The Windows performance advantage with multicore rendering disabled ranges from 62% all the way up to 103%. Even at its worst, the GTX 285 under OS X is fast enough to make 2560 x 1600 playable, but it is noticeably slower than under Windows.

With multicore rendering enabled CPU bound performance goes up around 18%, but we see a drop at more GPU limited resolutions.

Image Quality: Still Foggy
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  • killerclick - Friday, June 4, 2010 - link

    I was just summarizing the result of the test. Macs are slower, yet more expensive. What's not crap about that? Reply
  • heffeque - Friday, June 4, 2010 - link

    Basically you're saying that a Mac is slower than itself. That just plain stupid. Reply
  • GeorgeH - Friday, June 4, 2010 - link

    Macs aren't slower. OS X is slower because you're comparing a game engine that's spent the last decade being designed and optimized for Windows with a game engine recently ported to OS X. You'd find exactly the same initial performance deficit if Valve ported Source to Linux.

    Saying "Macs are crap" based on the fact that their default OS is slower when running a specific program that hasn't been fully optimized for that OS is so asinine it's mind blowing.
    Reply
  • killerclick - Friday, June 4, 2010 - link

    Mac is what it is, not just the hardware with the Apple logo but also the OS, the 3rd party support and the niche it's carved for itself. If I have you pay more for less performance and a smaller choice of software then yes, I'll say Macs are crap. Reply
  • ibuckyi - Friday, June 4, 2010 - link

    You have no idea what you are talking about. OpenGL has been the forefront of gaming way before DirectX came in to play. Stop making excuses for Mac and admit the loss. I'm sorry that your 2000 dollar machine can't handle 20 years of gaming. And to think by now Macs would be able to handle what windows has been doing for 20 years. Give up on the excuses, and just admit.. Steve Jobs got you! Reply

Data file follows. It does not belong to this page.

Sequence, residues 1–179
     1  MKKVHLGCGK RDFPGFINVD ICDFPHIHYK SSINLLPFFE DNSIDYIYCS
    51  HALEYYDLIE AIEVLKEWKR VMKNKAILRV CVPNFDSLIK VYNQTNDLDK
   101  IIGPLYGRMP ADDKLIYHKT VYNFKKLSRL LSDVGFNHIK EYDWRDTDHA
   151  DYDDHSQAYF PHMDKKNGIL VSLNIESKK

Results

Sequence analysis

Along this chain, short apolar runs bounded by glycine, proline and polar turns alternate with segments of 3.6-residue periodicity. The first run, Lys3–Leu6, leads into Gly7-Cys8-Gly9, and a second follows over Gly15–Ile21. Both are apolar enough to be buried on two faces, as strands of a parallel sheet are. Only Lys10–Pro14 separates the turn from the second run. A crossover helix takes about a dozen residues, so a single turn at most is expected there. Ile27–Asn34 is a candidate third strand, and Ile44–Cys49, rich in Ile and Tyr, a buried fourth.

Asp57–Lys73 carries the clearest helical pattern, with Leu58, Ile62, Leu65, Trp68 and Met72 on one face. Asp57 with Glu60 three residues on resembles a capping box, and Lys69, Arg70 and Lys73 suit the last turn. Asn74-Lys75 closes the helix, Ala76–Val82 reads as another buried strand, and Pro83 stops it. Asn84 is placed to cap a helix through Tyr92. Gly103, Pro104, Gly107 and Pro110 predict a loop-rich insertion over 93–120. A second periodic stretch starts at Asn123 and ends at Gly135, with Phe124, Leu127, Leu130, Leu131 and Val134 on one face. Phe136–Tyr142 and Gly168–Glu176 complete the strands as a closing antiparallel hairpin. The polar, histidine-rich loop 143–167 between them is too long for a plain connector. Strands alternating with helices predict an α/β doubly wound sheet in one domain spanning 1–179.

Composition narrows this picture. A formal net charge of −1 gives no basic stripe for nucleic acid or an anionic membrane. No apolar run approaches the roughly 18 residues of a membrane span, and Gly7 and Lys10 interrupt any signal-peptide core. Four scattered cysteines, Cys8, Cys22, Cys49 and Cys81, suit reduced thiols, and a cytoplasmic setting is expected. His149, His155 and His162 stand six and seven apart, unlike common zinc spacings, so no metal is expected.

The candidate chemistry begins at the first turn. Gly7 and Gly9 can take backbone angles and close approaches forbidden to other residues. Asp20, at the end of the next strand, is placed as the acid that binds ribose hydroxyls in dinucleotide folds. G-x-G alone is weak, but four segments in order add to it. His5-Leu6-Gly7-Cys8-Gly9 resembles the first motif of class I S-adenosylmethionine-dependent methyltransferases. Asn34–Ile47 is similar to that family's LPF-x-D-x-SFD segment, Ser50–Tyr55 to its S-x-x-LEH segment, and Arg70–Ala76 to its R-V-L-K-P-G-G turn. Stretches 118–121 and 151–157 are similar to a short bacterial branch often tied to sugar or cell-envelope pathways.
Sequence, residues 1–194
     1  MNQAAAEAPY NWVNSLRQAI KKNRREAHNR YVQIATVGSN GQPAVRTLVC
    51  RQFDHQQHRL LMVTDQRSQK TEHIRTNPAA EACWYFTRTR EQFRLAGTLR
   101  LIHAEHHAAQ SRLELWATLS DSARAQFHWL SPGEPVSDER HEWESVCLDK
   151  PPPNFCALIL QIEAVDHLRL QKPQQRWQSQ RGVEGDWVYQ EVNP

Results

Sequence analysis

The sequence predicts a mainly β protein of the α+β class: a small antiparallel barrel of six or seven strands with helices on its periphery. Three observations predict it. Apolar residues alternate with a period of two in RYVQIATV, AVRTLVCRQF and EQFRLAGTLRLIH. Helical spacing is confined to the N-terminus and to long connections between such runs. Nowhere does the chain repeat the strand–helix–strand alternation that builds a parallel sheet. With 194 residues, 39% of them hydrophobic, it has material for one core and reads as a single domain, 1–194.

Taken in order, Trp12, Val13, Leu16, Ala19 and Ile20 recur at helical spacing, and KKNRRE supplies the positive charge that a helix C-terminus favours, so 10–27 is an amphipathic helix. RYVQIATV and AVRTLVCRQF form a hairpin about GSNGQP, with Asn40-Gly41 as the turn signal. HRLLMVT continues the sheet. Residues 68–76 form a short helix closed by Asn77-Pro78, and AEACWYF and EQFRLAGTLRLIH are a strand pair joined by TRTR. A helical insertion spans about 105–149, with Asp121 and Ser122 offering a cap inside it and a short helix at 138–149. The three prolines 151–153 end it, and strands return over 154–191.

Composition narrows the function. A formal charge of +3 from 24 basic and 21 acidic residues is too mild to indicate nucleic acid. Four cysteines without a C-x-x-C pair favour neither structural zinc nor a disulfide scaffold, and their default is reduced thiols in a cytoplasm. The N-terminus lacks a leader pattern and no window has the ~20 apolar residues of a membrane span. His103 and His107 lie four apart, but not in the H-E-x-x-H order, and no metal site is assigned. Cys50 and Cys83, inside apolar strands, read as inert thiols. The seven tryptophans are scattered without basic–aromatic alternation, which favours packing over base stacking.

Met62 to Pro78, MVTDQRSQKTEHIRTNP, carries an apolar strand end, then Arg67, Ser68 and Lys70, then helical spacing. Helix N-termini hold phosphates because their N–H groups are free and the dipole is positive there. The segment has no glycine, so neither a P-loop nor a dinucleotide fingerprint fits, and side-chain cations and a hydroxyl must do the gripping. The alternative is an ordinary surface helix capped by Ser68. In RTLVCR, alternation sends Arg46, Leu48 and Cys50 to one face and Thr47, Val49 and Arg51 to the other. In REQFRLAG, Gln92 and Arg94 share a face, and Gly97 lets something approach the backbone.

• LaughingTarget - Friday, June 4, 2010 - link

    Uh, OpenGL hasn't been at the forefront of gaming for some time. Once DX9 hit the market, it was pretty much lights out for OGL. Even the last major holdout, id Software, has backed out of OGL development and moved onto DirectX. Moving Steam onto the Mac platform is unlikely going to rekindle any kind of OGL interest since it lacks significant market share to put out any kind of real effort onto the platform short of just hastily porting major titles over. Reply
  • Strunf - Saturday, June 5, 2010 - link

    And yet there have been Doom after Doom using it, and with evrery new one everyone is amazing by its graphical quality!!
    I don't think Id Tech would bet on a dead horse...
    Reply
  • dgz - Monday, June 7, 2010 - link

    You are wrong. Rage and the new Doom (both id Tech 5 based) render things in Direct3D mode only on Xbox 360. The Windows, Mac OS and PS3 versions render shit in OpenGL mode. Well, PS3 actually uses PSGL, which is Sony's implementation of OpenGL / ES. Anyway, stop making shit up so you can support your silly arguments. Reply
  • sprockkets - Saturday, June 5, 2010 - link

    yes, and the drivers made for windows vs. mac and the respective subsystems used have nothing to do with it either. Reply
  • ArizonaSteve - Saturday, June 5, 2010 - link

    I wouldn't say Macs are crap, but I would equate Apple to Bose and Monster Cable. Reply